In recent years, a popular theory for why romance has been less and less effective in the movies is because all barriers have been removed. Distance is no longer an issue with cell phones and readily accessible transportation and in a supposedly more enlightened age, cultural roadblocks can be more easily skirted around if not eliminated already out of convenience. What is novel about Yen Tan’s graceful fourth feature “Pit Stop” is how former lovers who still carry a torch can feel so alone when they’re within spitting distance of each other, confined by personal obligation as much as tradition in a small town in Texas that hasn’t yet caught up with the times.
There are no overt signs that the unnamed community would be up in arms about the two men who meet up for a hookup at a budget motel shortly after “Pit Stop” starts, but as with all the other things left unsaid in the film, the silence speaks volumes. Neither of “Pit Stop”‘s two leads, Ernesto (Marcus DeAnda) and Gabe (Bill Heck) are big on talking, connected at first by their sexuality, their discretion, their similar occupations and their shared zip code. But as Tan’s film unfolds, the two share something else in common when it’s revealed Luis is winding down one relationship with a live-in lover Luis (Alfredo Maduro) on his way out and forced to reconsider another when an ex is rendered comatose by a car accident while Gabe attempts to downplay the prospect of his ex-wife Shannon (Amy Seimetz) going out with a co-worker Winston (John Merriman), though they still live together for the sake of their young daughter.
Eventually, these stories intersect, but in tandem, they reflect a world of hidden pain for the two men, neither of whom can simply walk away from their circumstances. Of the two, Gabe’s arc is arguably the more compelling since the character’s curious, continued living arrangement with his ex-wife appears to be as much out of comfort as it is for fear of being out publicly or his responsibility to his family. It also benefits from a star turn from Heck, who exudes an easy charisma, and an enjoyable detour of Shannon and Winston’s clumsy first date that parallels how hard it is for anyone to find love. DeAnda endures a rougher road as Ernesto, who doesn’t have as much to play off of after the character kicks out Luis earlier than expected and is generally so reserved that when he raises his voice at his paralyzed ex, it feels as though it’s from another film.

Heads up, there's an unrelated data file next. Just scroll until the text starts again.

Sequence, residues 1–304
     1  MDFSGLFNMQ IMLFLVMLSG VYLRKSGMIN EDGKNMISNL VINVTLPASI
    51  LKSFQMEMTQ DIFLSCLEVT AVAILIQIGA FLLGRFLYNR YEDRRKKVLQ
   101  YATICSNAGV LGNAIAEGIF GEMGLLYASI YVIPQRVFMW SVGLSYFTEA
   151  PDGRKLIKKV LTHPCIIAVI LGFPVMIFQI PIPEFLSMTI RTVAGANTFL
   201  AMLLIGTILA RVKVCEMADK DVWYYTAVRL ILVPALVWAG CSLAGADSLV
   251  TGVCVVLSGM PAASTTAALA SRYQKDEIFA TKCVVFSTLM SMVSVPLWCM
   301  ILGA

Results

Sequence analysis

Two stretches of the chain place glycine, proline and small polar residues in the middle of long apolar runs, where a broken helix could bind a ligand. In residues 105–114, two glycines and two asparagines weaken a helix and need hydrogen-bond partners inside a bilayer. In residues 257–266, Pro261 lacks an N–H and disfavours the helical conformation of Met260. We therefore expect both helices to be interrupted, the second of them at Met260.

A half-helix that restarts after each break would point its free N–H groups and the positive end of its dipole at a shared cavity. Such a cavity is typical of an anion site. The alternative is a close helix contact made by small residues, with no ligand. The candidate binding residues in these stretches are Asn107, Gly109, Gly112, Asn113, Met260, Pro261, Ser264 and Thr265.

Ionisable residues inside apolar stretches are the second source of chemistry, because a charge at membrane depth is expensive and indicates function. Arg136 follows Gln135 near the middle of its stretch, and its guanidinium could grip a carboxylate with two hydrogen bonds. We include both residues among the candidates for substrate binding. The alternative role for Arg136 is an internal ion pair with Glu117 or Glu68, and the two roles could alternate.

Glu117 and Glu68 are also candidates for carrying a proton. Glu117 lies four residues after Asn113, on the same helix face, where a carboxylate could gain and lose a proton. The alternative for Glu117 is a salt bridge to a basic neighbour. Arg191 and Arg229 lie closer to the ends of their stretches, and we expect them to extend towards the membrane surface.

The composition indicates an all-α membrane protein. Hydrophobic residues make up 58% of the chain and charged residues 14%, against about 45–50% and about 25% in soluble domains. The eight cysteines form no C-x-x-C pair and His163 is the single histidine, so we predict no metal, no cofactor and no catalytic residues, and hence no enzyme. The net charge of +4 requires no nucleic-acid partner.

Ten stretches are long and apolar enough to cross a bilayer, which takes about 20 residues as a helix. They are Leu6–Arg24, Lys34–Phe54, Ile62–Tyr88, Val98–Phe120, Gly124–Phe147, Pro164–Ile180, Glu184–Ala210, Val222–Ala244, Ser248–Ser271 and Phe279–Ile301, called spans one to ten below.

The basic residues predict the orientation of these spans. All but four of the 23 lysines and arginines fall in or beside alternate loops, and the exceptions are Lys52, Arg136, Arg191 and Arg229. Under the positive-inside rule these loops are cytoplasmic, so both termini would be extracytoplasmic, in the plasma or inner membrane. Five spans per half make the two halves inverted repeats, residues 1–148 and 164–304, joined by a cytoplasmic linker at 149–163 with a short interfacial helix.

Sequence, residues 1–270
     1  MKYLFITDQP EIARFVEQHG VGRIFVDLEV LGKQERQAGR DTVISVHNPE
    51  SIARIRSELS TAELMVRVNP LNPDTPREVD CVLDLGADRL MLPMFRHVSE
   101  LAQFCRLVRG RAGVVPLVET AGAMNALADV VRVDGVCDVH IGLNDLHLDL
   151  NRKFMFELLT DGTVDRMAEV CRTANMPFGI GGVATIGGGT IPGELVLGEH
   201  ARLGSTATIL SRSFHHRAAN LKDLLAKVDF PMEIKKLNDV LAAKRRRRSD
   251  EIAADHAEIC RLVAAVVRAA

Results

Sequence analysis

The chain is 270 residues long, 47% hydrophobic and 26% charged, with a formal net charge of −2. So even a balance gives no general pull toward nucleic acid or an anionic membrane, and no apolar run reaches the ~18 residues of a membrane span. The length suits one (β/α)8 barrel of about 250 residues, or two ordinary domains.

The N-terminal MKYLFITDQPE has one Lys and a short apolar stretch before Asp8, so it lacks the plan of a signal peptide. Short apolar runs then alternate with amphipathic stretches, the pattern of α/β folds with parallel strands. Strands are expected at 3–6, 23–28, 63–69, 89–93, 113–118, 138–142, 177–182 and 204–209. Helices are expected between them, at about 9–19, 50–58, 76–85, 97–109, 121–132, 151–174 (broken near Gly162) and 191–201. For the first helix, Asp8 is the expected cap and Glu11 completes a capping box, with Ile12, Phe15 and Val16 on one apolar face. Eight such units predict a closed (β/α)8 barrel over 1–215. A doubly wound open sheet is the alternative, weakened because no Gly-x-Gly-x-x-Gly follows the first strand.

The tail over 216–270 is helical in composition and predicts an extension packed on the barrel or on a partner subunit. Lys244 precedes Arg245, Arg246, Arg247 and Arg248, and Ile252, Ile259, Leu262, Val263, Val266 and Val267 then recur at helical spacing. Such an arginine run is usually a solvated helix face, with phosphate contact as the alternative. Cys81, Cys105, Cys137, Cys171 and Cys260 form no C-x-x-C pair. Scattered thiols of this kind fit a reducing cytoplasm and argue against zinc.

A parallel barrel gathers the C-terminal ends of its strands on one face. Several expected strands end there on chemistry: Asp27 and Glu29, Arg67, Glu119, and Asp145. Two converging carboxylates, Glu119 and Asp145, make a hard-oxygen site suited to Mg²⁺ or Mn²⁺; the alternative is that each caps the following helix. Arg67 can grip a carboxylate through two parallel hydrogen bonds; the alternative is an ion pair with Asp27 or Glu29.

However, with few exceptions, “Pit Stop” rarely feels inauthentic and achieves such power on such a small scale that even the slightest progress for either of its leads packs a punch. Tan and co-writer David Lowery deftly weave in the day-to-day experience of small-town life with the more complex relationships at work between its characters who all have different conceptions of where they live and who with. Though it is notably spare, the film embraces its limited budget to tell a sad truth, set largely indoors where the bare walls of big rooms speak to a overriding sense of loneliness even when they’re filled by people. It’s heartbreaking when Shannon tells her one-time husband, “Sometimes I miss you” when he’s sitting right next to her, and as the rest of “Pit Stop” portends, sometimes the best things are right in front of us.
“Pit Stop” is currently without U.S. distribution and will play the Sundance Film Festival four more times on January 22nd at the Egyptian Theater, January 24th at the Sundance Resort Screening Room, January 25th at the Broadway Centre Cinema 6, and January 26th at the Holiday Village Cinema 4.